Estate and woodland at Dolaucothi

Beautiful woodland walks at Dolaucothi

The estate stretches over 2,500 acres in total, comprising of upland farms, woodland and the site of the original Dolaucothi house and surrounding parkland. The trails themselves offer everything from fantastic views to gentle riverside strolls.

Over the years nature has taken over this industrial landscape leading you to believe that this undulating woodland landscape could be a natural feature, but as we know, there’s so much more hiding beneath these wooded hillsides. 

Photo of part of Roman Self-guided Route

Walking at Dolaucothi

Meandering through the estate and woodlands are a network of footpaths allowing you to explore everything from riverside walks to the hillsides to enjoy views of the Cothi Valley and beyond.

Natural features of the estate are designated in their own right as a Site of Special Scientific Interest (SSSI), for the upland oak woodland, the British Isles’ own temperate rainforest. The industrial and natural worlds colliding to create the perfect conditions for lichens, mosses and rare ferns.  

The tour of the Roman mine takes you through the Allt Hebog SSSI which is significant for its upland oak woodland, rare Hay Scented Buckler Fern and bat presence. The humidity and moisture content in the area creates conditions equivalent to the rainforest, even on the rainiest of days, you can see this habitat at its best. 

Woodland restoration at Allt Dolaucothi

We manage the woodlands to improve the habitat conditions within them. At Dolaucothi this has meant interventions when disease has struck and management of non-native invasive species and involvement in Celtic Rain Forest LIFE+ Project with RSPB and Snowdonia National Park.  

In 2017 there was an outbreak of the disease Phytophthora Ramorum in the larch trees which dominated the woodlands at Allt Dolaucothi. An area that’s located at the lower end of Pumsaint village, easily accessible if you follow the red estate walk into the woodland on our estate map or part of the blue walk which takes you through the top end of the woodland. 

The outbreak resulted in the felling of a large area of larch trees. It’s never nice to see an entire woodland cleared away, however, thinking about the long-term ecological health of this woodland, it was a step in the right direction to improve these woodlands. 

They’re designated as PAWS (Plantation on Ancient Woodland Site) which means that an oak woodland has existed on this site for many years. Our long term aim for the management of the site is to restore the native woodland and reduce the presence of the more commercialised crop such as douglas fir and sitka spruce. 

The several large areas of open canopy breathed new life into the woodland floor and we’re seeing the native oaks regenerating and re-establishing in this area. We’re adding to the mix of native broadleaved tress and fruiting shrubs. As the trees mature they’ll become part of a much larger high nature habitat for wildlife to thrive in. 

We’re managing these woodlands to create better connectivity between the woodlands so that they form a joined up network of wildlife friendly corridors giving species the chance to establish larger, more sustainable populations and attract new ones too. This will make the habitats on our land less susceptible to climate change.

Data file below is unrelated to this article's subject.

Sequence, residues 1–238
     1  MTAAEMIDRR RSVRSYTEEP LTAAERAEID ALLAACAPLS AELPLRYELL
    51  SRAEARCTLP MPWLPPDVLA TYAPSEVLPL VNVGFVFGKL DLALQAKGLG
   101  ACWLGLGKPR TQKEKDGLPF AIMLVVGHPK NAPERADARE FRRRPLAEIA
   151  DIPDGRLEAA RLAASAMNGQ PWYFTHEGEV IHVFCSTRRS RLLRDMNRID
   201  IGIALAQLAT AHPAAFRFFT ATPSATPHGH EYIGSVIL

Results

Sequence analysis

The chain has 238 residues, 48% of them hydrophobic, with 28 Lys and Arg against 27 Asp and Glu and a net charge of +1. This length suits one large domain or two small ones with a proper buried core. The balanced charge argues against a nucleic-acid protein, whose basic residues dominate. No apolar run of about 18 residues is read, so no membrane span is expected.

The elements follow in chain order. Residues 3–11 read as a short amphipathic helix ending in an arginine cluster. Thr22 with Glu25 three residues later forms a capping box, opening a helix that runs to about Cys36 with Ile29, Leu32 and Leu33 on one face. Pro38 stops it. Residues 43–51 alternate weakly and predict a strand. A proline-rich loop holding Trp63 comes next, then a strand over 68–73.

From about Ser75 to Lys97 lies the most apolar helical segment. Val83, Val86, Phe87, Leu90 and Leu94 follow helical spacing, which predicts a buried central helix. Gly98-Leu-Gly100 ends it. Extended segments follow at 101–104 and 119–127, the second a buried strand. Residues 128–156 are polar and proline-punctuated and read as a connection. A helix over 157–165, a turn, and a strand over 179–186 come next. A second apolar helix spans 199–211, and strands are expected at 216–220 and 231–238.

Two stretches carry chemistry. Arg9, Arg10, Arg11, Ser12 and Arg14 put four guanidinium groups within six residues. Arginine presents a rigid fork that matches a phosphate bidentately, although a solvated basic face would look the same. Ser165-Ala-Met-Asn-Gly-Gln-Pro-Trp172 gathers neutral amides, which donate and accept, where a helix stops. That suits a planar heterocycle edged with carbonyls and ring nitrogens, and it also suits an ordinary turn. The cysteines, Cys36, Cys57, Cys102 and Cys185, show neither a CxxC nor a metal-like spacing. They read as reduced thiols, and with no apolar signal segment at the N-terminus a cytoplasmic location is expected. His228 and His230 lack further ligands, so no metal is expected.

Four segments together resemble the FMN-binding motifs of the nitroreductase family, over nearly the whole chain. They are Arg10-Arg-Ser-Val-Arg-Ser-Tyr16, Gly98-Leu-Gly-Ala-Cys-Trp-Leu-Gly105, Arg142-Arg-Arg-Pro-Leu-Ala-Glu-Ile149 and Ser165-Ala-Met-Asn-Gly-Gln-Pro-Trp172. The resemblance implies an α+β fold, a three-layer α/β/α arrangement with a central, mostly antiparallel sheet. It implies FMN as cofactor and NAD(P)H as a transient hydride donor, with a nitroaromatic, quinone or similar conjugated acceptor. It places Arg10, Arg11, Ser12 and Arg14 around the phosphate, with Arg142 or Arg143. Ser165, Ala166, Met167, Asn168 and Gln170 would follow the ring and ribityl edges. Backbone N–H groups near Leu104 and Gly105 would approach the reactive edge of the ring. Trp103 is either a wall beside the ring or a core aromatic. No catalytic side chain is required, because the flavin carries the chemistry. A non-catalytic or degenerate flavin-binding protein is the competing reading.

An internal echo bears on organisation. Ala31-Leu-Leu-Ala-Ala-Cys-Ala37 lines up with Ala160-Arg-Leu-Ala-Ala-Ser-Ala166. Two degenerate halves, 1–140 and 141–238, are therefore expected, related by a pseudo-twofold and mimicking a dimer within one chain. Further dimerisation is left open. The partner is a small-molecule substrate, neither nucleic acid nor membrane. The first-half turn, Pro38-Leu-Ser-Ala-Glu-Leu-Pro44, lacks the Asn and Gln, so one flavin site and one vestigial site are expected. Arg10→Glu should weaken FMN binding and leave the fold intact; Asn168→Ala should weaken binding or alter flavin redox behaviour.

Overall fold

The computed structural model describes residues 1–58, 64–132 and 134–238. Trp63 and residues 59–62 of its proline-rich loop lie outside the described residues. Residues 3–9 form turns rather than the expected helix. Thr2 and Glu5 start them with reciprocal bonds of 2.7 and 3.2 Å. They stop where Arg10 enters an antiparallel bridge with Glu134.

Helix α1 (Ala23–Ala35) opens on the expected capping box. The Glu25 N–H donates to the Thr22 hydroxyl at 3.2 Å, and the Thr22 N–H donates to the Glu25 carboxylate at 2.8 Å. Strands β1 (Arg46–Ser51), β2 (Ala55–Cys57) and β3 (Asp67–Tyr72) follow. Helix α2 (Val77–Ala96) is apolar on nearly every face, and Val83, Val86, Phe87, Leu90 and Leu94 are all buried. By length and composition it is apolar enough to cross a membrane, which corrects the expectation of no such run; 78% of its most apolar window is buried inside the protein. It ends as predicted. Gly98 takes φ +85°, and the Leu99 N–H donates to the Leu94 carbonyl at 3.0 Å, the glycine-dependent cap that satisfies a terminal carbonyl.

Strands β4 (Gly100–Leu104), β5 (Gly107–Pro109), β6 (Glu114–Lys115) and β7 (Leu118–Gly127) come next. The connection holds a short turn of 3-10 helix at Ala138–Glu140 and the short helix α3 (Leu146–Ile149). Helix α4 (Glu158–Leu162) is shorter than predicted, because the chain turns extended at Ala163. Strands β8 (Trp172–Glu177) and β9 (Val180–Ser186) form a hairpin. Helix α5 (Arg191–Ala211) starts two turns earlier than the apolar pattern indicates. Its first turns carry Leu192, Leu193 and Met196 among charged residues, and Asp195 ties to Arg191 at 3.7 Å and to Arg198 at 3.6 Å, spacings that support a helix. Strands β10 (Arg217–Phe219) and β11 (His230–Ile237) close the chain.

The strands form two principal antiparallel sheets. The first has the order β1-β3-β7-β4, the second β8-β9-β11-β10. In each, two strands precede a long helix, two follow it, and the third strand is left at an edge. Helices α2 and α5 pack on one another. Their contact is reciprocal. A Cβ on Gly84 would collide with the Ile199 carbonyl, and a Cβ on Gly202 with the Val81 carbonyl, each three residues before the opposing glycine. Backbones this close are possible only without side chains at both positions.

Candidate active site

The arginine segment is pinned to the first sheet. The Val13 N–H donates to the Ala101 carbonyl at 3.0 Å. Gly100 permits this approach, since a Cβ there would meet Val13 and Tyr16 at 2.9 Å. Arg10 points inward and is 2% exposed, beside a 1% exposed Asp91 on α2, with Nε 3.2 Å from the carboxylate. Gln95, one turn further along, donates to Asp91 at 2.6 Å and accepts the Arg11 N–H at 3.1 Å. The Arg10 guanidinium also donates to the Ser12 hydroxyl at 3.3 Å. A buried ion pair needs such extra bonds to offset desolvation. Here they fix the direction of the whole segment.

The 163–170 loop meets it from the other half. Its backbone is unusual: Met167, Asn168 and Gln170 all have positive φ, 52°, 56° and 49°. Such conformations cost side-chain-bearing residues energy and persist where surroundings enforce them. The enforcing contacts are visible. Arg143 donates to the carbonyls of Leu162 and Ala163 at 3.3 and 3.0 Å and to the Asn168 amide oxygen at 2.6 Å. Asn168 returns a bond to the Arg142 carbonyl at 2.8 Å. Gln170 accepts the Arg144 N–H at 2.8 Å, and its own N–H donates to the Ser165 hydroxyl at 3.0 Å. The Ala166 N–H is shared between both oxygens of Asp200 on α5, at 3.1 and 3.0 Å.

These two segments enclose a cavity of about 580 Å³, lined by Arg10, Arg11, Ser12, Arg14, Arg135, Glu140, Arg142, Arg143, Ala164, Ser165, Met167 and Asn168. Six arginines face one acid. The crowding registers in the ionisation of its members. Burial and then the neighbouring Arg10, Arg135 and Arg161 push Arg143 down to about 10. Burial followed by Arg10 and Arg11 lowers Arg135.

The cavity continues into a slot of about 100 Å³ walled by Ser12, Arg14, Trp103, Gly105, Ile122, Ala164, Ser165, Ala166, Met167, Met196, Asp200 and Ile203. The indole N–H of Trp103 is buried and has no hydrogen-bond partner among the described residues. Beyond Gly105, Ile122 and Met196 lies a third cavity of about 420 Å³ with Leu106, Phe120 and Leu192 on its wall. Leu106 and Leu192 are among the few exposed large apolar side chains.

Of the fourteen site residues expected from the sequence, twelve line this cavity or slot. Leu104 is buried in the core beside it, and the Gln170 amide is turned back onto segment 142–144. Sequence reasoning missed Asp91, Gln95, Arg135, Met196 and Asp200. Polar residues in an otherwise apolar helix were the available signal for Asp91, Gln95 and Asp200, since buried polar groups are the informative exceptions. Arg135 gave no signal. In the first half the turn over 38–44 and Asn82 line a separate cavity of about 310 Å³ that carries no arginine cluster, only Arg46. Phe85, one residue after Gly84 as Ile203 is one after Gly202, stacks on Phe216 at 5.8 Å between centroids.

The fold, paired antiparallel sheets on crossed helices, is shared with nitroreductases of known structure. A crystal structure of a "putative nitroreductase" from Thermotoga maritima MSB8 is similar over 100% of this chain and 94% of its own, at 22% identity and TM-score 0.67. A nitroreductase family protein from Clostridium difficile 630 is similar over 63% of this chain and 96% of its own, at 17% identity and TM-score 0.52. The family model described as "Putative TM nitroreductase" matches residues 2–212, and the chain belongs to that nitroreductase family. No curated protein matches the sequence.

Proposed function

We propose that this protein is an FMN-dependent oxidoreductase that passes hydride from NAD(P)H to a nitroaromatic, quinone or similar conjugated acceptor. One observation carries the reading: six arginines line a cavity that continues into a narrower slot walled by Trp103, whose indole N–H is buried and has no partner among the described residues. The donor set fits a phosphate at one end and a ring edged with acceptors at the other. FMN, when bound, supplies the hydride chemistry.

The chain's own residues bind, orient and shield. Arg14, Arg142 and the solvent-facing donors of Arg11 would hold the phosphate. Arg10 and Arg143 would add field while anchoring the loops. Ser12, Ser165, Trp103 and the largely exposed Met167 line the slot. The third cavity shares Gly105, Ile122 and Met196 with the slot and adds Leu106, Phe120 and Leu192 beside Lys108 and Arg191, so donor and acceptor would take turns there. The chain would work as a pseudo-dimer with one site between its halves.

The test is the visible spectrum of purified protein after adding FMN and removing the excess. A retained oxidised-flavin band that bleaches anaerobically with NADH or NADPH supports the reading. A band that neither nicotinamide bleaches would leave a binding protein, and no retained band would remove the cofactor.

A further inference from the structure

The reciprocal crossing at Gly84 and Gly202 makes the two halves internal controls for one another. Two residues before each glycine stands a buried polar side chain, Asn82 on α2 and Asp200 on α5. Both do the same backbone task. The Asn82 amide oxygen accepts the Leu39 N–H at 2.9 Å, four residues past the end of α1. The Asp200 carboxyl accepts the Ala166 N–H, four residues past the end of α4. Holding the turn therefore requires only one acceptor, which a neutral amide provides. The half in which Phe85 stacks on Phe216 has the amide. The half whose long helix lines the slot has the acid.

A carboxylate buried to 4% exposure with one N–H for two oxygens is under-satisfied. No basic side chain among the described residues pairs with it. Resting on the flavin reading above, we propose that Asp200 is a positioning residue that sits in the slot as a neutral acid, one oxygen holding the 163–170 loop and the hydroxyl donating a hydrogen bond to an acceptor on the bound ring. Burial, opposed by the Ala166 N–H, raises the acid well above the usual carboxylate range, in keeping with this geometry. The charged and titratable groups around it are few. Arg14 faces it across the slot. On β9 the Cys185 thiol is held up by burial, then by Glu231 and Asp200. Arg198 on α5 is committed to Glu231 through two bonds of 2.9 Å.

Management of phytophera ramorum today

Sadly the management of phytophera ramourm on the estate continues as its presence was discovered at Allt Cwm Hen and Caio Forest, woodlands that are under the management of Natural Resources Wales. If you’re walking the longer orange walking route it’ll take you through parts of Caio forest where you may come across areas where they’ve felled the trees to try and manage the outbreak. It’s a disease that’s spreading throughout South Wales and a big challenge in terms of woodland management alongside ash dieback. 

Celtic Rainforest LIFE+ Project

The aim of this project is to support and protect a rare ecosystem, the temperate rainforest. This oak woodland is characterised by slow growing oaks with an abundance of lichens, bryophytes and ferns, making these woodlands very special. It aims to improve the conservation status of these woodlands by removing non-native invasive species and implement active woodland management to improve the habitats. 

Controlling non-native invasive species

As you walk around the Dolaucothi estate you’ll notice that there are some plants growing here that you wouldn’t expect to see, rhododendron ponticum being one of them, alongside pockets of Japanese knotweed and Himalayan Balsam. So that the natural oak woodlands can thrive we’re planning the treating or removing these species as part of a seven year control programme of non-native invasive species. 

Management of ash dieback disease

Ash dieback is a disease that is becoming ever more prominent in the UK and we’re seeing areas where large numbers of ash trees are affected. Sadly the disease makes the trees very brittle and vulnerable to collapse. We’ve a programme of works to remove the ash trees to secure the safety of the footpaths and surrounding features.